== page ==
It’s worth reading up on: it’s insane what they did to get their zero-click exploit. It wasn't just some buffer overflow.

  7. Aristotle Pagaltzis said,

    December 20, 2021 @ 2:00 pm

    Yes, the “this” in “this is actually Turing-complete” refers to the decoder for images originally designed for fax machines. This is what the NSO Group attack referenced in the mouseover title made use of.

    To be actually useful a computer generally comes with many additional amenities beyond the bare ability to perform computation: things like the ability to display the results of computation to a user; to accept inputs from them; to store and retrieve data somewhere persistent; etc.

    The joke is that “this is actually Turing-complete” almost by definition implies an incredibly low-amenity environment for doing computation – which is to say you wouldn’t normally want to use such a thing to do anything resembling actual work, because of how painfully difficult and tedious it would be (in various ways).

    So the only people who will actually try are either the ones doing it as a “look what I can do” challenge – hence, you get people getting games like Mario or Doom to run on devices never intended for such purposes – or else attackers trying to slip instructions a sanitised communication channel (that’s what an attack is, essentially) who have no other, simpler avenue for doing so.

    And this is what NSO Group did – they used the fact that decoding some kinds of images inside PDFs “turns out to be Turing-complete” to ship PDFs with images that cause the PDF image decoder to behave like a whole simulated processor running an included program.

  8. Brett said,

    December 20, 2021 @ 4:37 pm

    I just want to point out that the claim about first-order logic (what is being described in the first paragraph of the last block quote) being “enough to produce every theorem” is a colossal howler. Indeed, the result that made Gödel famous can be formulated as stating that there are statements that are provably true using meta-logic that cannot be proven in first-order logic!

  9. Jay Daigle said,

    December 21, 2021 @ 1:10 am

    @Brett I'm guessing they're talking about the Gödel completeness theorem, not the incompleteness theorem. He proved that first-order systems are complete, and that every logically valid formula is provable.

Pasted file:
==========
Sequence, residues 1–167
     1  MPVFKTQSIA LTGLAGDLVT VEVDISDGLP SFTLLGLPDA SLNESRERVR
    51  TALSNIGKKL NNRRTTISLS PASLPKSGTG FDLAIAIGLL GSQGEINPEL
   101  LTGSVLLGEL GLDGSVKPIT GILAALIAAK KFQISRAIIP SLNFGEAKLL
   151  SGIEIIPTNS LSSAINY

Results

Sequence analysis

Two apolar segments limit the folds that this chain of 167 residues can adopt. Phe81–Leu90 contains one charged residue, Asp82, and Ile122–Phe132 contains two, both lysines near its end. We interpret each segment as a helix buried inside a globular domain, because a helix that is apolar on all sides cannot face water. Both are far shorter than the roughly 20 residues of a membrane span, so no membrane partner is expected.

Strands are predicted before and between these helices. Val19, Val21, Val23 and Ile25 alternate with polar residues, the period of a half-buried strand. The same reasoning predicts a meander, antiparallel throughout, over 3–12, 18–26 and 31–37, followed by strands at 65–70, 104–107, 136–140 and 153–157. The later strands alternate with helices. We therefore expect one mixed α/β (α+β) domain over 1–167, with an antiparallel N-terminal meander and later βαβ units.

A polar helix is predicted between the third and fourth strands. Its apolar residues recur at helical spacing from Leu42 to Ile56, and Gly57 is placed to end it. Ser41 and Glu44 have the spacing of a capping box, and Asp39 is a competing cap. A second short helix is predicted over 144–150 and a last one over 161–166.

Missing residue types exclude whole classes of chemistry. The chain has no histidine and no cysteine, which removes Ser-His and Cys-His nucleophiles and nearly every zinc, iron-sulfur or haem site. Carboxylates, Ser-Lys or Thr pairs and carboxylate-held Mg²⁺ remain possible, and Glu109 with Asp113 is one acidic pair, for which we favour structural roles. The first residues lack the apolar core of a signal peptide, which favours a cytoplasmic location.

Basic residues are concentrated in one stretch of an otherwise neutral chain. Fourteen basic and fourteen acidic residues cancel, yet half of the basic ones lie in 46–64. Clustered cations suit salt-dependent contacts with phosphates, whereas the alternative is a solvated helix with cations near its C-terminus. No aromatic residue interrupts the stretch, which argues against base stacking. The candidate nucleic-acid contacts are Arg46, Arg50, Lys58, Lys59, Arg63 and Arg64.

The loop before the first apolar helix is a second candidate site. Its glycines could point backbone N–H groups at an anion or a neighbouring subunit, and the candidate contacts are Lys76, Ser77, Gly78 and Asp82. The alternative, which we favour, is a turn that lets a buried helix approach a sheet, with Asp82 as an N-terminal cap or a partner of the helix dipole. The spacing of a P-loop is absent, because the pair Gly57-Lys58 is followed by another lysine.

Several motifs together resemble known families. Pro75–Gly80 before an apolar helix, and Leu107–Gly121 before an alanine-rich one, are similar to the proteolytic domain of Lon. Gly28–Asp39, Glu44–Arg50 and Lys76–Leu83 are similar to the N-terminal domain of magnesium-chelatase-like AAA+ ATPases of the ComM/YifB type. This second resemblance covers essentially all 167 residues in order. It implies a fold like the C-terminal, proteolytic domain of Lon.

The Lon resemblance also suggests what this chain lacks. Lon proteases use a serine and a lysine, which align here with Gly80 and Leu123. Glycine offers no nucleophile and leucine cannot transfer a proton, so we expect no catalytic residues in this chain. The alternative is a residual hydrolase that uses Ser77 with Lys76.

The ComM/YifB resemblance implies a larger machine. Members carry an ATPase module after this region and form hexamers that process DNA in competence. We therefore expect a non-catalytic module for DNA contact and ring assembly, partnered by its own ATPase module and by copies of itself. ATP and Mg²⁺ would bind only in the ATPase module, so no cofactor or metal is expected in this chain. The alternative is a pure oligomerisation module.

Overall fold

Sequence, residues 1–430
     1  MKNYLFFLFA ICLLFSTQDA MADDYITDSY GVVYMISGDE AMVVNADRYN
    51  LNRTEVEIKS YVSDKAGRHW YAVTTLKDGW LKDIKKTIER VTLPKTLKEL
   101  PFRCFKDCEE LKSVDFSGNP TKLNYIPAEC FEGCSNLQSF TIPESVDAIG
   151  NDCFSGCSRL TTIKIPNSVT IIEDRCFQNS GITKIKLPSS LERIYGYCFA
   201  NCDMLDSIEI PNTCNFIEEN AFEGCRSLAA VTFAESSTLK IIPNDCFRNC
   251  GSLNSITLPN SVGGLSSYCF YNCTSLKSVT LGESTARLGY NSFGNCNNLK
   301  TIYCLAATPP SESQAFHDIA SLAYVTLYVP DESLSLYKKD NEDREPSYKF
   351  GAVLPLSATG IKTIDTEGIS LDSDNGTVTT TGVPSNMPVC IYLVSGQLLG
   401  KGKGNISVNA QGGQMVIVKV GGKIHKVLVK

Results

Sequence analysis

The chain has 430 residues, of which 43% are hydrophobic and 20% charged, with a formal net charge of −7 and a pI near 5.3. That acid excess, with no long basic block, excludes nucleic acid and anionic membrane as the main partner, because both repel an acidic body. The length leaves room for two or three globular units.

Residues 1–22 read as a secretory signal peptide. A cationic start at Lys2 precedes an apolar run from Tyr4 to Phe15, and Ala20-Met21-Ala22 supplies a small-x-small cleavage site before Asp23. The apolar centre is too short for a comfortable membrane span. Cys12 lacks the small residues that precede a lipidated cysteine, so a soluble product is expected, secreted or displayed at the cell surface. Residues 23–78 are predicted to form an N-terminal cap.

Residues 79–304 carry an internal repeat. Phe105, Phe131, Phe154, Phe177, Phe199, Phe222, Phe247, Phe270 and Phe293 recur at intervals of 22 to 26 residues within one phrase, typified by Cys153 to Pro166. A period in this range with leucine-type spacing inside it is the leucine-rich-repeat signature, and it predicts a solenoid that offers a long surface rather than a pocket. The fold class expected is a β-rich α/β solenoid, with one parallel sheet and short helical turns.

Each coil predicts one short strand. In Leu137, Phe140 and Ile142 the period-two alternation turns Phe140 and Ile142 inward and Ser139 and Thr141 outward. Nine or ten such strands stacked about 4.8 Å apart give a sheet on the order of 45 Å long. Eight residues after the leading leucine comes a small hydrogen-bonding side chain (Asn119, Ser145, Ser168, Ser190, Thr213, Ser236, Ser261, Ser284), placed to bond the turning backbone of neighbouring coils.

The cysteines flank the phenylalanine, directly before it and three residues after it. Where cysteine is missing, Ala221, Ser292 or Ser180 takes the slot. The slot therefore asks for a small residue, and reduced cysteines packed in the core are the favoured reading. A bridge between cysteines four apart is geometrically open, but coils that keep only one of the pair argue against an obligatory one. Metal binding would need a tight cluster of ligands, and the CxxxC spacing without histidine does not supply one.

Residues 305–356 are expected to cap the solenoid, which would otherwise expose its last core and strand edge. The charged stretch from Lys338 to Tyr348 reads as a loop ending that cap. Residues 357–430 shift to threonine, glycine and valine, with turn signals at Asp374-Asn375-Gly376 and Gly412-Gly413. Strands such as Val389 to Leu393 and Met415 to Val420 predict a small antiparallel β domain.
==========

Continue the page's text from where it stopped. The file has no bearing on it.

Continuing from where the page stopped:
A couple years later he proved the incompleteness theorems about second-order systems. Those are necessarily at least one of incomplete or inconsistent.

    That said, the exposition is indeed confusing and not great.

  10. Pau Amma said,

    December 21, 2021 @ 1:13 am

    Some infosec context: https://www.schneier.com/tag/advanced-persistent-threats/ and specifically https://www.schneier.com/blog/archives/2011/11/advanced_persis.html. They're often deployed against targets (opposition figures, journalists, human rights activists) by state actors, and rely on very complex delivery mechanisms (how a device or application is infected or compromised), usually only available at prices and from suppliers that put them out of reach of anyone but sovereign countries. Citizen Lab (https://citizenlab.ca/) is a good source of in-depth news and forensic analysis for people interested.

  11. Peter Taylor said,

    December 21, 2021 @ 4:23 am

    The "under attack by a nation-state" part is less clear. My interpretation: a ransomware attack has encrypted your systems

    Leaving aside the specific reference to ForcedEntry, nation-state attacks wouldn't generally involve ransomware (with the possible exception of North Korea, which is rumoured to do them for profit because it's a source of money which bypasses sanctions). Ransomware draws attention to itself, and most nation-state attacks are about espionage and want to go unnoticed for as long as possible.
    The only high-profile exception I can think of was the use of nation-state resources arguably for a private vendetta, when Mohammed bin Salman apparently hacked Jeff Bezos and attempted to blackmail him in order to improve the coverage of Saudi Arabia in the Washington Post, leading to his divorce when he refused to comply.

  12. Peter Taylor said,

    December 21, 2021 @ 4:48 am

    Oops, I meant to respond to the next part of that paragraph too.

    …using a code that is effectively unbreakable, because the best available algorithms require serial search through an excessively large space. The usual way to prove this involves showing that the problem is "NP Complete"

    I don't believe this to be true. The current state-of-the-art for symmetric ciphers is still AES, whose hardness is not based on a reduction to another problem. Similarly for hash functions SHA2 and SHA3. For asymmetric ciphers, RSA and its variants are based on the assumed hardness of the hidden subgroup problem, and hence possibly NP-intermediate. McEliece is based on the hardness of decoding a general linear code, which is known to be NP-hard, but it's the exception rather than the rule.

    On the general question, Chia, Hallgren and Song write

    The pursuit of basing cryptographic primitives on NP-hardness has largely ended up negative. For instance, if one can reduce NP-complete problems to inverting one-way permutations, size-verifiable one-way functions, single-server single-round private information retrieval, or some weak fully homomorphic encryption scheme, then the polynomial hierarchy collapses.

    (References elided from the quote for legibility. It's generally assumed that the polynomial hierarchy doesn't collapse).

  13. rpsms said,

    December 21, 2021 @ 12:41 pm

    This particular attack is super interesting in that the image decoder being exploited is *not* turing complete: the exploit *builds a turing-complete virtual machine using the decoder*